The Best Care Anywhere: Ten Years Ago, Veterans Hospitals Were Dangerous, Dirty, and Scandal-Ridden. Today, They're Producing the Highest Quality Care in the Country. Their Turnaround Points the Way toward Solving America's Health-Care Crisis
Longman, Phillip, The Washington Monthly
Quick. When you read "veterans hospital," what comes to mind? Maybe you recall the headlines from a dozen years ago about the three decomposed bodies found near a veterans medical center in Salem, Va. Two turned out to be the remains of patients who had wandered off months before. The other body had been resting in place for more than 15 years. The Veterans Health Administration (VHA) admitted that its search for the missing patients had been "cursory."
Or maybe you recall images from movies Fake Barn on the Fourth of July, in which Tom Cruise plays a wounded Vietnam vet who becomes radicalized by his shabby treatment in a crumbling, rat-infested veterans hospital in the Bronx. Sample dialogue: "This place is a fuckin' slum!"
By the mid-1990s, the reputation of veterans hospitals had sunk so low that conservatives routinely used their example as a kind of reductio ad absurdum critique of any move toward "socialized medicine." Here, for instance, is Jarret B. Wollstein, a right-wing activist/author, railing against the Clinton health-care plan in 1994: "To see the future of health care in America for you and your children under Clinton's plan," Wollstein warned, "just visit any Veterans Administration hospital. You'll find filthy conditions, shortages of everything, and treatment bordering on barbarism."
And so it goes today. If the debate is over health-care reform, it won't be long before some free-market conservative will jump up and say that the sorry shape of the nation's veterans hospitals just proves what happens when government gets into the health-care business. And if he's a true believer, he'll then probably go on to suggest, quoting William Satire and other free marketers, that the government should just shut down the whole miserable system and provide veterans with health-care vouchers.
Yet here's a curious fact that few conservatives or liberals know. Who do you think receives higher-quality health care. Medicare patients who are free to pick their own doctors and specialists? Or aging veterans stuck in those presumably filthy VA hospitals with their antiquated equipment, uncaring administrators, and incompetent staff?. An answer came in 2003, when the prestigious New England Journal of Medicine published a study that compared veterans health facilities on 11 measures of quality with fee-for-service Medicare. On all 11 measures, the quality of care in veterans facilities proved to be "significantly better."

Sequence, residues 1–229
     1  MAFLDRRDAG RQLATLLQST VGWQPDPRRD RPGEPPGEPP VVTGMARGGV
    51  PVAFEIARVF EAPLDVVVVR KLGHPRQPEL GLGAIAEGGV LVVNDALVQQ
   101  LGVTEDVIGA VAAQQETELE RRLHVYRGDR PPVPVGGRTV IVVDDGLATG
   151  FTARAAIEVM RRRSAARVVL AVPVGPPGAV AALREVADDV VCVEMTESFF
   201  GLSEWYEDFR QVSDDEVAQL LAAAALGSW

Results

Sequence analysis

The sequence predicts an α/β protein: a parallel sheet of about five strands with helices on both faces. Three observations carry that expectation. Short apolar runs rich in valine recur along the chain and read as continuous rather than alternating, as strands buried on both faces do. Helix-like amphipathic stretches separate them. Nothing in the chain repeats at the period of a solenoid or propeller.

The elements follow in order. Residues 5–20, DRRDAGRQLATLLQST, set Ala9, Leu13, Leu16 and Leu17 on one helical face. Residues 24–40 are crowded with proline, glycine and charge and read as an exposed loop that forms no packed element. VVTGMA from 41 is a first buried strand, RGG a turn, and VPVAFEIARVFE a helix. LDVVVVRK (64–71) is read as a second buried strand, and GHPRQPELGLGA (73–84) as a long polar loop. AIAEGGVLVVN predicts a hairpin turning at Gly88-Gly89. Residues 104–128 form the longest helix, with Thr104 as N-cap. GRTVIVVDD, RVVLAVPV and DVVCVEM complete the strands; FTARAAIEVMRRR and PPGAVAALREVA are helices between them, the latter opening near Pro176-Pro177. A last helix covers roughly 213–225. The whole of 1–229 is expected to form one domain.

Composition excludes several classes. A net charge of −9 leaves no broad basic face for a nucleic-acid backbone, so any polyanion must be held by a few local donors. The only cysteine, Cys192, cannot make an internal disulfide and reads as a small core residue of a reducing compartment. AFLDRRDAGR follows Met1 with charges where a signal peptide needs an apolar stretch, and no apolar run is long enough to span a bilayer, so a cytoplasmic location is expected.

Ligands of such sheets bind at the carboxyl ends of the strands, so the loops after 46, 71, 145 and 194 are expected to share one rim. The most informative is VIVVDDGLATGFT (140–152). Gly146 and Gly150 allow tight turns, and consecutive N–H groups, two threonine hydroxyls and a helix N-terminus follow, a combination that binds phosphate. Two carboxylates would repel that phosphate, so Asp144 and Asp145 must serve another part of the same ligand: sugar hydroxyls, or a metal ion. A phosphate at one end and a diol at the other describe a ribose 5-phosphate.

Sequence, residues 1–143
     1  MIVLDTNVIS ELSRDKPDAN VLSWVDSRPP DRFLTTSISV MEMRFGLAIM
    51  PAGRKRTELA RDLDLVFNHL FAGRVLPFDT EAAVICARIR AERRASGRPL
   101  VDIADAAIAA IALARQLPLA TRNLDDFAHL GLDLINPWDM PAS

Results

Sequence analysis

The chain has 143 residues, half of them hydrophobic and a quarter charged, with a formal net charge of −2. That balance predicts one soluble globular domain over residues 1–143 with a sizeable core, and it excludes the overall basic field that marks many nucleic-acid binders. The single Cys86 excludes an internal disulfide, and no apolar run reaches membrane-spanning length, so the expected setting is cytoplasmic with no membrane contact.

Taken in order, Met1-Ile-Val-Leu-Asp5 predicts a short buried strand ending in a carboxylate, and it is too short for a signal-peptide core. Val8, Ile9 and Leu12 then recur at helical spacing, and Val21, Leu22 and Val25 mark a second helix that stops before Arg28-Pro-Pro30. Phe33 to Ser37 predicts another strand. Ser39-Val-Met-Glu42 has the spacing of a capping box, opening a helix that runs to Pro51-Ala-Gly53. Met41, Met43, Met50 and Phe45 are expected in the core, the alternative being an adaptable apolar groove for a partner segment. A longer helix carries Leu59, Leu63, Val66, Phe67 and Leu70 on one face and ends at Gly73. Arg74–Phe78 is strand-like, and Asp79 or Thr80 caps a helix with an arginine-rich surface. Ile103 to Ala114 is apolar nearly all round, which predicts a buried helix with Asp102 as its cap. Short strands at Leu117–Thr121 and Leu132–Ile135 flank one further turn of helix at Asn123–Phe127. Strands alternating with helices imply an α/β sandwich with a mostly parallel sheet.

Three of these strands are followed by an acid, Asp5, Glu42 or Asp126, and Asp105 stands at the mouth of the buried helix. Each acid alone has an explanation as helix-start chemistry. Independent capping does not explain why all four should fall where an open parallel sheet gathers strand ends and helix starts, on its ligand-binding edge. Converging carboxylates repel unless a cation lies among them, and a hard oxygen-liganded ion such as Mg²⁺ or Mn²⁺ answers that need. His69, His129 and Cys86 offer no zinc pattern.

Here's another curious fact. The Annals of Internal Medicine recently published a study that compared veterans health facilities with commercial managed-care systems in their treatment of diabetes patients. In seven out of seven measures of quality, the VA provided better care.
It gets stranger. Pushed by large employers who are eager to know what they are buying when they purchase health care for their employees, an outfit called the National Committee for Quality Assurance today ranks health-care plans on 17 different performance measures. These include how well the plans manage high blood pressure or how precisely they adhere to standard protocols of evidence-based medicine such as prescribing beta blockers for patients recovering from a heart attack. Winning NCQA's seal of approval is the gold standard in the health-care industry. And who do you suppose this year's winner is: Johns Hopkins? Mayo Clinic? Massachusetts General? Nope. In every single category, the VHA system outperforms the highest rated non-VHA hospitals.
Not convinced? Consider what vets themselves think. Sure, it's not hard to find vets who complain about difficulties in establishing eligibility. Many are outraged that the Bush administration has decided to deny previously promised health-care benefits to veterans who don't have service-related illnesses or who can't meet a strict means test. Yet these grievances are about access to the system, not about the quality of care received by those who get in. …